TALKING TEXTILES with ... Frank Bennett, CEO of the National Quilt Museum
In the fourth interview of our Talking Textiles series, we spoke to Frank Bennett, CEO of the National Quilt Museum in Paducah, Kentucky, home to one of the best collections of contemporary quilts in the world.
ECT: The National Quilt Museum is more than just a collection of beautiful quilts, it’s a museum with a mission
FB: It is. The founders, Bill and Meredith Schroeder, were both quilting enthusiasts who felt that contemporary quilts were under respected in the general artworld so, in 1991, they opened this museum to celebrate the work of today’s quilters and bring it to a wider audience. The words ‘honouring today’s quilters’ are written above the entrance.
National Quilt Museum
ECT: So it’s a modern collection?
FB: Yes, everything here – all 650 or so pieces - was made in, or after, 1980.
ECT: Are there any other selection criteria?
FB: We want to have the best of international modern quilting, it's that simple. The quilts in the collection represent every style you can possibly fathom, from plays on traditional blocks to things that don’t look like any quilt you’ve ever seen, because the point of museums is to give people things to consider. If you do it perfectly, then everyone who comes in will see stuff that blows their minds and stuff that they don’t think should be in a museum at all.
Corona II: Solar Eclipse by Caryl Bryer Fallert-Gentry, Paducah, KY. Hand-dyed fabrics; machine pieced and machine quilted. Named one of the 100 Best American Quilts of the 20th Century.
Summer Garden by Cynthia Morgan, Queensland, Australia. Layered, machine quilted
ECT: The founders’ sense that quilting and fibre art are not considered to be on a par with other art forms still persists, why do you think that is?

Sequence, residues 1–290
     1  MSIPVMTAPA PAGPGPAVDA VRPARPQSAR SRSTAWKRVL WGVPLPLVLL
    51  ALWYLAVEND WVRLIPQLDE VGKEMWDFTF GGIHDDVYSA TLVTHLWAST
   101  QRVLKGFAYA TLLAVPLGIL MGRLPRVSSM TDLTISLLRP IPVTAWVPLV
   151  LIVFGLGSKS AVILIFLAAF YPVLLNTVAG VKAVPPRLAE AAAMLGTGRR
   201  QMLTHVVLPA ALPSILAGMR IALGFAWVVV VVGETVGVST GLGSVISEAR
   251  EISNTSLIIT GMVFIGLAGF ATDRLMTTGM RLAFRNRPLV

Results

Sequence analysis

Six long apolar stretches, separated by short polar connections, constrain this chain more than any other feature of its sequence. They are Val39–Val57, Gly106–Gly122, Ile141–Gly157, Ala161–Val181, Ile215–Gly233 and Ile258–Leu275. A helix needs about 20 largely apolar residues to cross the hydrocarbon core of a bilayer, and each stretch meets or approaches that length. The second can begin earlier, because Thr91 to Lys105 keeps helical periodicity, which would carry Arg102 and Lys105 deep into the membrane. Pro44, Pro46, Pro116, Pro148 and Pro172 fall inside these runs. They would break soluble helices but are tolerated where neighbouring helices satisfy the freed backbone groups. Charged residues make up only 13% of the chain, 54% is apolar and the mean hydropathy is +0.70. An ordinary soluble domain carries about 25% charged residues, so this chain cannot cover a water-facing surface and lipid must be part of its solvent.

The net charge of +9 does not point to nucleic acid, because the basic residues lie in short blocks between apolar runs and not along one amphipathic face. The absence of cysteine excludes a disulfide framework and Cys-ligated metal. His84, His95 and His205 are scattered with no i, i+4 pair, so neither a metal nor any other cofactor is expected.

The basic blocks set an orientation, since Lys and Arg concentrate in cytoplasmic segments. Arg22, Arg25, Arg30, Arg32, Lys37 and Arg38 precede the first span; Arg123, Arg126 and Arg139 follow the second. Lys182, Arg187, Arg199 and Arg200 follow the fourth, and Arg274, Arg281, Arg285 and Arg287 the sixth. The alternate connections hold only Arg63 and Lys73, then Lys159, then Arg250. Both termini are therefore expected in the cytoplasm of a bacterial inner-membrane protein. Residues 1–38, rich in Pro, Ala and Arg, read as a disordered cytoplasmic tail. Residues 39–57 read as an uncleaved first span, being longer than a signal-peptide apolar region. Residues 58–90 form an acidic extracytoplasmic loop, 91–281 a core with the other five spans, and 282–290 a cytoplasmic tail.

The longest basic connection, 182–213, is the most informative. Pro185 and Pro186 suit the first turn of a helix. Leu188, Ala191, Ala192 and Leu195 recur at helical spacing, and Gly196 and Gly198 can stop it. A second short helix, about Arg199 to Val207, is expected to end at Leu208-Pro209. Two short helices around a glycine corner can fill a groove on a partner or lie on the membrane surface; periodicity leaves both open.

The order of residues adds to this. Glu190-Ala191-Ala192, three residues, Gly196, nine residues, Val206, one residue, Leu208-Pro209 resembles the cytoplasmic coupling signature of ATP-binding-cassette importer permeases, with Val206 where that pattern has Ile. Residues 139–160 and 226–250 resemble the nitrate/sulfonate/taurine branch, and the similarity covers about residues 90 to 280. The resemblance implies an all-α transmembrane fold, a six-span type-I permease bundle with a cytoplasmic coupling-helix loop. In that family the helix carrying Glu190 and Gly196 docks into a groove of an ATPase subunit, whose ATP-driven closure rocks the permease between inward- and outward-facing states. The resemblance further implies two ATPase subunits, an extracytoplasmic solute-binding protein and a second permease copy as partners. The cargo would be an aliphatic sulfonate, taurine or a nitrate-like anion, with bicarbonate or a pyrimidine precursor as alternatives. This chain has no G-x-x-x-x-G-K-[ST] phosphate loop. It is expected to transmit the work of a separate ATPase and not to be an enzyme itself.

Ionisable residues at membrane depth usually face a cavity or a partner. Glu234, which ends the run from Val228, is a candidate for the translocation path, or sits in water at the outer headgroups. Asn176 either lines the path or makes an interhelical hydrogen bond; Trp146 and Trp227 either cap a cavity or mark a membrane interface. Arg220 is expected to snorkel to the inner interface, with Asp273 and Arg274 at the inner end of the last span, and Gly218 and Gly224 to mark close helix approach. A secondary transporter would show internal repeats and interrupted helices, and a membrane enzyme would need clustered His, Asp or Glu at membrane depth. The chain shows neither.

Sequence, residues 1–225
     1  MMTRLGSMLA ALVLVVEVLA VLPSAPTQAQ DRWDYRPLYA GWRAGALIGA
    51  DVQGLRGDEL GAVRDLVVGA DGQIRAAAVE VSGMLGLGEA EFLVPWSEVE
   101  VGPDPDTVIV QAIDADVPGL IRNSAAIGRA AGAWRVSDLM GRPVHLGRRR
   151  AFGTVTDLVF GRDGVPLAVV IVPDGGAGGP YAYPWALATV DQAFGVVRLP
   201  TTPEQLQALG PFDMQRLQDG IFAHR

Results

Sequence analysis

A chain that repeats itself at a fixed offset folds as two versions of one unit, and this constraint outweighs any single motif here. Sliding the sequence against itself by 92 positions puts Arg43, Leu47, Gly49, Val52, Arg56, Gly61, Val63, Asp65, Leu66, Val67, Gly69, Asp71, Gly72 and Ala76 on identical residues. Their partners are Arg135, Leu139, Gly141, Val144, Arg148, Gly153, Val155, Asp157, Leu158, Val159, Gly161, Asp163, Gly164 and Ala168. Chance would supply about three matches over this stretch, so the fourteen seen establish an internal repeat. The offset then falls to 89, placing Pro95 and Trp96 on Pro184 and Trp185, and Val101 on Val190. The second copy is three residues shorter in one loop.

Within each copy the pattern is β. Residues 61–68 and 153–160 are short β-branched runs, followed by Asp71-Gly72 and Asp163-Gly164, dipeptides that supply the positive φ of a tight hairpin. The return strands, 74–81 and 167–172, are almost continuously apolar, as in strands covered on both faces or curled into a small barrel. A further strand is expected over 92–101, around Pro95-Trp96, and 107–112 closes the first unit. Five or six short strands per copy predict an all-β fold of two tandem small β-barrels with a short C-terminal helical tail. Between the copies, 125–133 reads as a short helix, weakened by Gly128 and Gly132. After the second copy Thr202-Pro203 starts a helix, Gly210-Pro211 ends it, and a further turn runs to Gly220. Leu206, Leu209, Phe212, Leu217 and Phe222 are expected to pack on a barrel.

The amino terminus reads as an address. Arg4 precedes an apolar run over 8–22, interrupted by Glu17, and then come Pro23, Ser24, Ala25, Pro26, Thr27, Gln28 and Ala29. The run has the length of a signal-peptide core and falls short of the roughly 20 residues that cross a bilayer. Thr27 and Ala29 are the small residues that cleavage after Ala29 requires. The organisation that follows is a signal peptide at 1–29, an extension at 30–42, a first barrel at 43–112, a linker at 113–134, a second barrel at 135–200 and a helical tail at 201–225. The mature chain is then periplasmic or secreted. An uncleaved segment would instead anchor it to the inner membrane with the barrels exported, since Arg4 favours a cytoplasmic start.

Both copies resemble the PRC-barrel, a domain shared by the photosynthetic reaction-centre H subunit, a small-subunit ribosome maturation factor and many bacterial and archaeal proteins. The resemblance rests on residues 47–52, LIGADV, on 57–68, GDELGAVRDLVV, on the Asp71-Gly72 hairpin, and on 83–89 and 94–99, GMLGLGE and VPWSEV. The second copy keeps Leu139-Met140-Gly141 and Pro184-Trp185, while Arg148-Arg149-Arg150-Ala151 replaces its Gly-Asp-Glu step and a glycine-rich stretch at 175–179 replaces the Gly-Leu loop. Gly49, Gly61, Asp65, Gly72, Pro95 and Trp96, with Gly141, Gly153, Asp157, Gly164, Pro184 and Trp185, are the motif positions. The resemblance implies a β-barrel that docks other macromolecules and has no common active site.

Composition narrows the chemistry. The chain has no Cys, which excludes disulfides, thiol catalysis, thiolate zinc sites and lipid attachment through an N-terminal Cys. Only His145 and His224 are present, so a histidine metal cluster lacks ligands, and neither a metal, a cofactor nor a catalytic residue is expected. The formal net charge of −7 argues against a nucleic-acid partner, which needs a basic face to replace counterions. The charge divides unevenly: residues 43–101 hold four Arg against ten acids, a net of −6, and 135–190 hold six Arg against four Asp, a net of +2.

FB: It’s just the moment we are in - in the 1930s, photography wasn’t considered an art form. But I’ve seen a shift in the 10 years I have been at the museum. When I took the job, other art museums would have laughed at the idea of doing a fibre exhibition, but now you see them all the time. We still have a long way to go, but we’ll get there through education. The more people who experience quilting, the more they will realise that this is a phenomenal art form on the same tier as art made from any other material. The only difference between people in the quilting space and any other is that quilters make their art out of fabric.
ECT: But that does seem to change people’s perceptions – there’s something about the domesticity and familiarity of fabric that makes us look at works made from fibre differently from paintings, or sculpture for example
FB: We do deal with those biases and one of the ways I address them is through the talks I do. I take pictures of quilts that don’t look like quilts at all, and I’ll ask the group what they think they’re looking at. ‘Paintings, drawings, stained glass windows’, they’ll say. And when I ask them if these things are art, they’ll say ‘absolutely.’ At the end of the talk, I’ll say, ‘ok, in reality, they were all quilts’ and I’ll show them the detail and the stitching and then I’ll say, ‘now you know they’re quilts, are they still art?’ It’s a great question because if they say 'no', then it means that the difference between what is and isn’t art comes down to materials - and that’s ridiculous.